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WASH comment on IOM report

21 May 2013

Blood pressure throughout its range is the major cause of death responsible for just under 10,000,000 deaths per year. Lowering blood pressure has been shown in numerous trials over the last 50 years to be immensely beneficial in preventing strokes, heart attacks and heart failure, as well as the development of kidney disease.

Salt intake is one of the major factors that put up blood pressure and many trials throughout the world have shown that lowering salt intake lowers blood pressure. Indeed recent papers in the BMJ confirm that reducing salt intake down to 3g a day causes falls in blood pressure both in those patients with high blood pressure and also those with normal blood pressure. These benefits would translate into very large reductions in strokes, heart attacks and heart failure.

The Centre for Disease Control in the United States asked the IOM for a review of the evidence that reducing sodium intake did reduce clinical outcomes. It was not a review of the evidence of salt on blood pressure.

A previous IOM report Evaluation of biomarkers and sodium outcome in 2010 made very strong statements that blood pressure stands apart as a valid proxy for hard outcomes i.e. anything that lowers blood pressure will be beneficial. The limited nature of the IOM report is correct in stating that when salt intake is below 5g there are no hard clinical outcomes as no properly controlled studies have been done.

There was a weak association between the measurement of the lower salt intake and increased mortality. However these studies were extensively reviewed previously in the American Heart Association. As stated there, and the IOM report agrees, these studies were methodologically flawed, particularly the method whereby sodium intake was assessed / inadequate and likely to be wrong. But most importantly of all, that reverse causality had not been considered - that is that patients who are ill lose their appetite and do not eat salt and will therefore have a lower salt intake however badly it is measured. They are more likely to die not because of the low salt intake but because they are ill. This is particularly true in the studies that this refers to as most of these patients either had severe renal failure, severe diabetes and high blood pressure. Many of them were on treatments that included drugs that blocked the renin angiotensin system and diuretics, and many of them had low blood pressures and in spite of this, had further blood pressure therapy added in. These patients do not represent the average person of the population, and are likely to be in a particular danger of having salt intake further reduced if they are already sodium depleted, unless the dose of the drugs that they are on is adjusted. This is something that is well known in clinical medicine and one would be very careful about advising a low salt diet in someone who has low blood pressure and on multiple blood pressure lowering drugs including diuretics.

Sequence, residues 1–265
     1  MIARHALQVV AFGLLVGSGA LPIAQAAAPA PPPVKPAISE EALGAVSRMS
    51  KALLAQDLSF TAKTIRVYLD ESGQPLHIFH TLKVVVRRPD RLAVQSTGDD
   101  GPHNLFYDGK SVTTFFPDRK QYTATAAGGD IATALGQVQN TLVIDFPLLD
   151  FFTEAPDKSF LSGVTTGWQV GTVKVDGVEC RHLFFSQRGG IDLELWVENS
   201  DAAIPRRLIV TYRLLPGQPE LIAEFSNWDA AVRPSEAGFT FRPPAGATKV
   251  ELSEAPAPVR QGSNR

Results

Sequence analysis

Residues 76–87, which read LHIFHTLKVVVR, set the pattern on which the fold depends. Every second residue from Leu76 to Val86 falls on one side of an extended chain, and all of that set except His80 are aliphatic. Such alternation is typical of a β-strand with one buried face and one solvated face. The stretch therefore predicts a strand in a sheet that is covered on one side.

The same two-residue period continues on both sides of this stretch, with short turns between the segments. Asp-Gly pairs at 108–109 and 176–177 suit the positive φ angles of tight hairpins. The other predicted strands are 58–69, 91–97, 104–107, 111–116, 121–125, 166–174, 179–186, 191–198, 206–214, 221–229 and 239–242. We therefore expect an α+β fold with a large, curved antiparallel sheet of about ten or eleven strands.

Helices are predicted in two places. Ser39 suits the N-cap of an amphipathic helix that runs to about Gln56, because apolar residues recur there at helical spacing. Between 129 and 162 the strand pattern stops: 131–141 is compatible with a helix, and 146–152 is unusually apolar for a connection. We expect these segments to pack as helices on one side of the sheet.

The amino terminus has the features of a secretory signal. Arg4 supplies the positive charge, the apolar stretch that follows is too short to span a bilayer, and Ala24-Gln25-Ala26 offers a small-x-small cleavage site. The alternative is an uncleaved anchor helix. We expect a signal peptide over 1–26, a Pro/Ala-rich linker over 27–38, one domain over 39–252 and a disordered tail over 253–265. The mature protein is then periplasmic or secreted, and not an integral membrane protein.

The only randomised controlled trials that have been done are one group in Italy, which has focused on heart failure. These studies were done in patients with severe heart failure who were on very large doses of diuretics – drugs that get rid of salt and water – as well as drugs that inhibit the renin angiotensin system. It is well known in this situation it is extremely dangerous to reduce salt intake unless patients are carefully assessed, because many of them will be salt deficient before being put on the low salt diet and will need the dose of diuretics to be adjusted.

The trials that were done by the group in Italy did not change the dose of diuretics and they were randomised to either a normal or low salt diet. Many would consider these trials to be unethical as this is not what would happen in clinical practice in these very ill patients. If salt intake was going to be reduced, very careful assessment of patients would be made and their dose of drugs would be adjusted. Not surprisingly the study did show that where the doses of the diuretics were not reduced, salt restriction did lead to some adverse effects in these very ill patients.

Indeed it has been known for many years that in these types of patients, patients with Addison’s Disease who have adrenal failure, patients on dialysis need to be cautioned about restricting their salt intake too severely without medical advice.

These studies in any case are completely irrelevant to the public health implications of modest to moderate salt reduction in the whole population, not in these very ill patients.

Salt reduction remains a critically important component of public health efforts designed to promote cardiovascular health and prevent cardiovascular disease.

For full IOM report please click here [PDF 1,183KB] 

 

 

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